A publication of the Indiana Business Research Center at IU's Kelley School of Business
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Indiana Recession Employment Patterns

A recent opinion piece appearing on CNN online presented an argument looking at national trends indicating a labor market shift from fixed and stable employment to that of a turbulent market.1 Using Bureau of Labor Statistics (BLS) national numbers as a basis, the author suggested that in the future our workforce will be more transient with people working multiple temporary jobs in order to maintain a specific standard of living. The argument was made that the "Great Recession" re-enforced and escalated this trend.

Given the availability of micro wage data contained in the Indiana Workforce Information System (IWIS) back to 2001, an attempt was made to analyze the data to verify this claim.2 Second quarter employment data were used to prevent the influence of seasonal employment trends associated with either the holidays or late summer.

The first analysis examined the author's claim of increased levels of temporary work and multiple job holders. The total number of Indiana employees for the second quarter of each year totaled approximately 3 million employees. Of the identified individuals, the total with multiple employers was also summed. Less than 14 percent of workers in Indiana held multiple jobs and that percentage declined during the recession years in both percentage and absolute terms (see Figure 1 and Figure 2).

Figure 1: Percent of Indiana Employees with Multiple Employers, 2001 to 2011

Recsession figure1

Source: Indiana Department of Workforce Development, using IWIS data

Figure 2: Indiana Employees with Multiple Employers, 2001 to 2011

Indiana Employees with Multiple Employers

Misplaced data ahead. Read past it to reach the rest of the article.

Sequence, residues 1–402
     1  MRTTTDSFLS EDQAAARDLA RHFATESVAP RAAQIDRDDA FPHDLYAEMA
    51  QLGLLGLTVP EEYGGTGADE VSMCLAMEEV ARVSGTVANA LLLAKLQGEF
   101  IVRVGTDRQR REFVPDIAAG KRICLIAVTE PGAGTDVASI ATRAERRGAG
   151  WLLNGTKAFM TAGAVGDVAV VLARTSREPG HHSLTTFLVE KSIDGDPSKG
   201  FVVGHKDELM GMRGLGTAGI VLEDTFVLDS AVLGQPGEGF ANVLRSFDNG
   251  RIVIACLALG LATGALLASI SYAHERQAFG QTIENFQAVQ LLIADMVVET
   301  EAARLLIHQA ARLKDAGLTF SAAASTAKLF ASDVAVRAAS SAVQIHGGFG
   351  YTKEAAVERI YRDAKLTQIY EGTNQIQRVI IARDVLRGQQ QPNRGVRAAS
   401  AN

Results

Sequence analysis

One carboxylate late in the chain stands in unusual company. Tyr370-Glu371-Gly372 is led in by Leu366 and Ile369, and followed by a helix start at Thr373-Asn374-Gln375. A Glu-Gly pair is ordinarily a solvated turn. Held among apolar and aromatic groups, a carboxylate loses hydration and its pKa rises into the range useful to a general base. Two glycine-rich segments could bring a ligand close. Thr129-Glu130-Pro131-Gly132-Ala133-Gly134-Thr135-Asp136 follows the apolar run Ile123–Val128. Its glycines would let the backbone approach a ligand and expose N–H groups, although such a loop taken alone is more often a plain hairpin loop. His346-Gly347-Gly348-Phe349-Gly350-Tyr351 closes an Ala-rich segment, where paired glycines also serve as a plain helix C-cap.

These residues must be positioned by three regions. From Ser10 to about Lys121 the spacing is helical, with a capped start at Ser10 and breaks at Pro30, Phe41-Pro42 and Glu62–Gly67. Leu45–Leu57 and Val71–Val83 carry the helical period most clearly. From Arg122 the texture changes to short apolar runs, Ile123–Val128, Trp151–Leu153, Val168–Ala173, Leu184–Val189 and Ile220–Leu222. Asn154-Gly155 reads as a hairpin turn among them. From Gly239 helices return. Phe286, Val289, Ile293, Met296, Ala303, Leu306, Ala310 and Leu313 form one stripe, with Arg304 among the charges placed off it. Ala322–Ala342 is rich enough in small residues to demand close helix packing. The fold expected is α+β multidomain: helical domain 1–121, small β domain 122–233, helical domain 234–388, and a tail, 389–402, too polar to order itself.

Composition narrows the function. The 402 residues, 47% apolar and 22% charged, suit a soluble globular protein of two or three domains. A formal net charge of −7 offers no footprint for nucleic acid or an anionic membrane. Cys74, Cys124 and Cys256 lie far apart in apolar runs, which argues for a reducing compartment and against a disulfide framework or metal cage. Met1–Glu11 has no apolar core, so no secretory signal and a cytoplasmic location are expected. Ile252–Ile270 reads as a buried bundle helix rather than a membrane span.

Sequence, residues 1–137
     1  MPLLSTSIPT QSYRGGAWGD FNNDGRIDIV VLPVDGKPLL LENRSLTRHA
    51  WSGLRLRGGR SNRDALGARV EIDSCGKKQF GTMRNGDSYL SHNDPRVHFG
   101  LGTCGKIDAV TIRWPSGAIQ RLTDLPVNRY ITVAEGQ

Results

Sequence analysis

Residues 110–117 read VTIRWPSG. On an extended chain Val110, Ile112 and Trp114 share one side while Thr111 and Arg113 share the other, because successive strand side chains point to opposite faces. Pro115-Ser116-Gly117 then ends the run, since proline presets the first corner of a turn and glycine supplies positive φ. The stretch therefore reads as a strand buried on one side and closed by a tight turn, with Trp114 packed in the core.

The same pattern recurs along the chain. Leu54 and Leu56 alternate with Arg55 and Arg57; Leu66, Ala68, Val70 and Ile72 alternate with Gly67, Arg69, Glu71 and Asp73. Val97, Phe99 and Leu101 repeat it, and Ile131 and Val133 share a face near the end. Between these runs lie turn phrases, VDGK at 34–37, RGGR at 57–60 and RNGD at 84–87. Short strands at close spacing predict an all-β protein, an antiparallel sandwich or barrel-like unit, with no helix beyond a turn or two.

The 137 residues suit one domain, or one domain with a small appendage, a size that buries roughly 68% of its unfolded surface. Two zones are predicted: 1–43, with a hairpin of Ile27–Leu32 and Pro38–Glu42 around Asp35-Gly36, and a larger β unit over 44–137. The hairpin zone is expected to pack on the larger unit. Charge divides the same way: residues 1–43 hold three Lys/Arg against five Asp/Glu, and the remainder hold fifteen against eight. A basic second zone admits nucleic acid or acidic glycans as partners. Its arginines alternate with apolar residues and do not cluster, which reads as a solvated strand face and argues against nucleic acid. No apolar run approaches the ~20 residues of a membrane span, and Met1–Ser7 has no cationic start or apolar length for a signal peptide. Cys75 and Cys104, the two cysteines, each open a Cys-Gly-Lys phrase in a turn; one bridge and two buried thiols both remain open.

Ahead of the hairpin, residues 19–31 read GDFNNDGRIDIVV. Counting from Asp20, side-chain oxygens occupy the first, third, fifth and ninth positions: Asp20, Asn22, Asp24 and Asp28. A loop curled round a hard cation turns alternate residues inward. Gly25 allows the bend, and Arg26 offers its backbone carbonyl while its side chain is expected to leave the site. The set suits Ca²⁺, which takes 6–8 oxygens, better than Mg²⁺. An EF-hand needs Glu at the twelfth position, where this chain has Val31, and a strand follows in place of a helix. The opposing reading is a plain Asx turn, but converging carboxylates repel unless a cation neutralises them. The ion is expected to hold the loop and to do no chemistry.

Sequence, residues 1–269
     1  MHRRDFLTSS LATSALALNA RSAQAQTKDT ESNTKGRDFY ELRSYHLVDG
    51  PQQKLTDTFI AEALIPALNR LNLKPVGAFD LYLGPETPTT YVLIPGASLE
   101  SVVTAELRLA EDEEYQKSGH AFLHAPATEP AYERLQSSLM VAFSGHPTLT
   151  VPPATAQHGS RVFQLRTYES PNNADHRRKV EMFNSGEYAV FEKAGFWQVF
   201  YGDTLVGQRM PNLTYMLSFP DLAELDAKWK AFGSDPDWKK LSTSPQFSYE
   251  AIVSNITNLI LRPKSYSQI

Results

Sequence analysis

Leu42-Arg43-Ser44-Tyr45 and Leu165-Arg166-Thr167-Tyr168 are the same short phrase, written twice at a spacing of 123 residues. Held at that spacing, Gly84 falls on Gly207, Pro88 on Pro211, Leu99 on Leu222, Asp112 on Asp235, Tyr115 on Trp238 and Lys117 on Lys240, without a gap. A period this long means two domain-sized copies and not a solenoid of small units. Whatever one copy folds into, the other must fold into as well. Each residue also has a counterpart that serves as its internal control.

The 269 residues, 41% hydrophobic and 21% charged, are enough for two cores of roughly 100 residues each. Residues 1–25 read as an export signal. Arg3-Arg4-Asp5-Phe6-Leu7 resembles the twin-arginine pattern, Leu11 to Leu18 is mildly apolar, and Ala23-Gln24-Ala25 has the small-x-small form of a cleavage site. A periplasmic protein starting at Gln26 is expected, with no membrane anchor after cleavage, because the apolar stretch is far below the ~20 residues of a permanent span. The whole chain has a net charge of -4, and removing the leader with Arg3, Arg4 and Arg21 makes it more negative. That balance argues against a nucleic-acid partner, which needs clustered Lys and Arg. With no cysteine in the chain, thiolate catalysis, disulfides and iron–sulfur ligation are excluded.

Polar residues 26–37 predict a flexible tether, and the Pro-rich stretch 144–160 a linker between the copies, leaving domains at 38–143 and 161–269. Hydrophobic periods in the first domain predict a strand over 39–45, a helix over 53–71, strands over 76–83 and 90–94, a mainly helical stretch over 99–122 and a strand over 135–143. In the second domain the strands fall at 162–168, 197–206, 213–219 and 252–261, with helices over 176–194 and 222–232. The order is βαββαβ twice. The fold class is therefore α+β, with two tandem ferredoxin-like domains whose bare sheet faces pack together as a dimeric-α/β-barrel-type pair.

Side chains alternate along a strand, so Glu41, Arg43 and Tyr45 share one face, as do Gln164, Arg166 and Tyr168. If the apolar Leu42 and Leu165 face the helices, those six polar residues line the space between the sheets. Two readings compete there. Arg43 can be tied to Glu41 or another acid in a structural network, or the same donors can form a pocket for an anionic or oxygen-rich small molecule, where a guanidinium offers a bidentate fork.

Source: Indiana Department of Workforce Development, using IWIS data

The second analysis examined labor force churn. Again, the total number of employees for the second quarter of each year was counted. Using these unique individuals, the prior year's wage record was also examined to determine how many held employment at the same employer. The results indicated that a growing percentage of workers maintained their place of employment in recession years (see Figure 3 and Figure 4).

Figure 3: Percent of Indiana Employees with Same Employer from Previous Year, 2002 to 2011

Indiana Employees with Same Employer from Previous Year, 2002 to 2011

Source: Indiana Department of Workforce Development, using IWIS data

Figure 4: Indiana Employees with Same Employer from PreviousYear, 2002 to 2011

Figure 4: Indiana Employees with Same Employer from Previous Year, 2002 to 2011

Source: Indiana Department of Workforce Development, using IWIS data

While these results are Indiana specific, they run counter to the claims presented in the article. The recent recession possibly shed the most mobile workers first. Those that remained were more likely to reside longer at the position. As the recession took hold, extra hours and side jobs likely disappeared as people focused on core employment, or one of the positions was lost in favor of another. The Indiana data suggest that the recession was witness to fewer multiple job holders and less churn.

Notes

  1. LZ Granderson, "The fastest-growing job in America," CNN Opinion, March 13, 2012, www.cnn.com/2012/03/13/opinion/granderson-hustling-for-work/index.html.
  2. The available data includes wage records for firms with employees which are subject to Indiana unemployment tax

Timothy E. Zimmer, Ph.D.
Manager, Research and Analysis Division of the Indiana Department of Workforce Development